Arabella, thank you for coming up with that reference and, yes, you’re quite right, we all deserve cake – I’ve got some home-made (not by me) apple pie – if we’re to get through or have got through such a tough and scientific-looking read.

Narrowback, I’m not quite sure of where gay marriage in the UK stands in the hierarchy of close-to-real-marriage-ness. As far as I know, the version on offer there is pretty marriage-like. When it was introduced, I remember reading somewhere that the UK was now the third country to have something-very-close-to-marriage gay marriage, after Holland and Belgium. This obviously excluded lots of other versions, including Denmark’s, which was the first in the world, and Germany’s.

Geoff, you look as if you might be able to enlighten me more with regards to what I was just saying to Narrowback. Is the Spanish gay marriage better than the British version, then? Of course we have gay marriage here in Germany too but, again, I don’t know where it lies on the scale, though presumably it is less marriage-like than in Britain. I know it confers all sorts of legal obligations and – surprise, surprise – doesn’t get you the married person’s tax allowance. I hope the homophobes at least appreciate our taxes.

Sylvia, I refuse to believe that any daughter of your good self would even be a suspect in a teenage stabbing.

24. Geoff - December 1, 2008

Best of all are Spain, the Netherlands, Belgium, Canada & Norway, where Same sex marriage is essentially the same as opposite sex marriage. I think Massachusetts is the same.

Civil partnerships in the UK (and I think all the other Scandinanvian countries apart from Norway) are the next best thing, in that they offer *all* the same legal benefits / obligations as marriage, the only difference being the name. (although in my opinion this option is still very much second class – separate but equal is not really equal. Plus ‘civil partnership’ hardly sounds very romantic, does it?)

25. BiB - December 2, 2008

Good points, Geoff. In the past, I used to think, “If folks’ objection is just to the name, then let them come up with another name.” But, yes, fuck that. I’m not sure if Eingetragene Lebenspartnerschaft sounds very romantic (or catchy) either but it is referred to as Homoehe mostly anyway which pretty much tells it like it is. I was just on a website and commenters describing Germany’s gay marriage said it had all the obligations of regular marriage and none of the perks!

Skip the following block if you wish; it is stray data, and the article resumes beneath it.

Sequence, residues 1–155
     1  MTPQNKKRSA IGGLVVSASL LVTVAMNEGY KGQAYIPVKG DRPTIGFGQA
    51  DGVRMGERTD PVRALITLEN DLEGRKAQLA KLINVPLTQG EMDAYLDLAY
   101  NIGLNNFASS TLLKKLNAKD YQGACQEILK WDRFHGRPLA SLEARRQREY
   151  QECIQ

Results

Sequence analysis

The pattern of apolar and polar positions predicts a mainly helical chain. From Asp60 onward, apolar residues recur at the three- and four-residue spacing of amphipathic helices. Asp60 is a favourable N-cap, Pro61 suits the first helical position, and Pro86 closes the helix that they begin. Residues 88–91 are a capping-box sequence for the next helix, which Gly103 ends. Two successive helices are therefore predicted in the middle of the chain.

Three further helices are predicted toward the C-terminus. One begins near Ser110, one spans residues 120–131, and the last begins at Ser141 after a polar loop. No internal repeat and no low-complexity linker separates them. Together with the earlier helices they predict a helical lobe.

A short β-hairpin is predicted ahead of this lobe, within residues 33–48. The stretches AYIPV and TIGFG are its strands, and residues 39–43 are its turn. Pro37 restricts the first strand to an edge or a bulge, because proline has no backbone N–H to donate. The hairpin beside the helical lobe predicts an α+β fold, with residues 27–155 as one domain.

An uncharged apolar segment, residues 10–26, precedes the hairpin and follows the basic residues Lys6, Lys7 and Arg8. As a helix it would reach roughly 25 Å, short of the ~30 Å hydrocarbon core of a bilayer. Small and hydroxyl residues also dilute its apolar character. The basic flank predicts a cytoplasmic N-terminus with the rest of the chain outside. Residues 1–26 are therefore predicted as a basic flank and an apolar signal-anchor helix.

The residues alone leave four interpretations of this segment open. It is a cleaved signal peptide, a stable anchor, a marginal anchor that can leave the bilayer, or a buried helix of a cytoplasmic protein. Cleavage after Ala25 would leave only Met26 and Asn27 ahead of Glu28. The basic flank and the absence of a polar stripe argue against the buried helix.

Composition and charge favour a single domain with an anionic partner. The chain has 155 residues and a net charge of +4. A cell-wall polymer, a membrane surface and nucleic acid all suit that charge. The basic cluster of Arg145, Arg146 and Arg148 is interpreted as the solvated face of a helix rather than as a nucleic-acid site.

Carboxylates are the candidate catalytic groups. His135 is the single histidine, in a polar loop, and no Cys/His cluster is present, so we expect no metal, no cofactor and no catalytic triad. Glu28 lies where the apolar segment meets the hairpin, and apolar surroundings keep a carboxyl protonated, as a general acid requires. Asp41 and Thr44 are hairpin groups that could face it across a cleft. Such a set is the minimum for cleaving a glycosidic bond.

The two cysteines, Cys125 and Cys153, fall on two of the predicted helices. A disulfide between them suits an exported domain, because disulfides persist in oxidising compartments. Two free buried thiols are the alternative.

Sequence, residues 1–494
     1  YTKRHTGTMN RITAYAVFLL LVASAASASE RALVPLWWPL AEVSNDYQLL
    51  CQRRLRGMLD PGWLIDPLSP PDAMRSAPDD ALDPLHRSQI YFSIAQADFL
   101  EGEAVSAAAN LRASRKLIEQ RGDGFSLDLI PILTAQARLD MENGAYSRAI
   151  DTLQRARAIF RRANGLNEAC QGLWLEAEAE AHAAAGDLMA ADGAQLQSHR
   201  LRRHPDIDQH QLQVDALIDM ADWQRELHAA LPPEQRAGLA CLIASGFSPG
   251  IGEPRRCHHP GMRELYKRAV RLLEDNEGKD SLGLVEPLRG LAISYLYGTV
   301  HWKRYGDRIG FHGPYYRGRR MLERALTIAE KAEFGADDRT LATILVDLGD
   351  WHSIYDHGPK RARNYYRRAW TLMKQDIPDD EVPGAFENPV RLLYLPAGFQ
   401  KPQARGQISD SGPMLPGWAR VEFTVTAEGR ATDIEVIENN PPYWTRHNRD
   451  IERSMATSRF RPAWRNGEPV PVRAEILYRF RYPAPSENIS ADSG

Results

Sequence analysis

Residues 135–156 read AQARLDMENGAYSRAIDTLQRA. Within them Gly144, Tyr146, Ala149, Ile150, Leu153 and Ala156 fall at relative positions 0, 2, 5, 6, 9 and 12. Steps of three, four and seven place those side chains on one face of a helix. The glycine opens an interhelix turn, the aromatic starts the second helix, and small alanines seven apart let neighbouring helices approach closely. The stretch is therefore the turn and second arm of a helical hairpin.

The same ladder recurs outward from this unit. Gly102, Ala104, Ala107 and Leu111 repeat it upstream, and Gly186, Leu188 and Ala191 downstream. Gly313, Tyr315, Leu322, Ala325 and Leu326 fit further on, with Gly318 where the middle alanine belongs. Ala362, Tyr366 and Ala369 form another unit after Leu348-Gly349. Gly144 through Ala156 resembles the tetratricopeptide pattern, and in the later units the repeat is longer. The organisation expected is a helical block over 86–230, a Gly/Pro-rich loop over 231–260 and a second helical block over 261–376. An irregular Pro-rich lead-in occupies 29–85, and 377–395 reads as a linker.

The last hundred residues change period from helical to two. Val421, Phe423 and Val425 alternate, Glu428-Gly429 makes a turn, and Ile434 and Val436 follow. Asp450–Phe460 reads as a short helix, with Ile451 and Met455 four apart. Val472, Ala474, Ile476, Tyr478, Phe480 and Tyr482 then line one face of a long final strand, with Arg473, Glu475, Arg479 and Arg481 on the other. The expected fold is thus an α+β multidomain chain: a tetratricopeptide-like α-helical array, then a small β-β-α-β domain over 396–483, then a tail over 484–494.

26. narrowback - December 2, 2008

I had an interesting discussion of the topic with my Thanksgiving Holiday hosts, a gay couple of 15 years who live on a farm in a VERY rural part of the state… the princpal point they made was putting aside the religious conotations of a church wedding, what’s the difference between a civil partnership and a civil marriage as long as the state gurantees the same rights/privledges to both? Both governmental actions take place in the same city clerks office in the basement of city hall…it’s not as if we want to troop down to Our Lady of the Fourteen Virgin Martyrs to have the parish priest throw some holy water on us.

27. marshaklein - December 2, 2008

I’m hugely unqualified to comment, but that’s never stopped me in the past…
It seems to me that the difference lies more in the inability of straight people to easily pigeonhole the partners in a gay marriage/partnership. It is, even in these supposedly enlightened times, still generally assumed that in a male/female relationship, the male is the dominant partner (the question ‘what is the occupation of the head of the household?’ when directed at me still means ‘what does your husband do?’ and not just because he IS the main wage earner. There seems to be a great fascination among some straight people for working out which partner is the ‘wife’ (or ‘husband’ in a lesbian couple) ie the submissive or dominant one. The matter of producing children undoubtedly complicates things (it complicates EVERYTHING!) but I’m at a loss to understand exactly why a gay couple are viewed as different to a childless, straight couple. I think Narrowback makes a good point above – hell, I wasn’t allowed to marry in the Catholic church (Brian is technically Catholic) because I’m not baptised – although I suppose, for some people legal recognition alone isn’t enough, although personally I feel that if the Christian church can’t accept people for who they are, fuck ’em.

28. BiB - December 2, 2008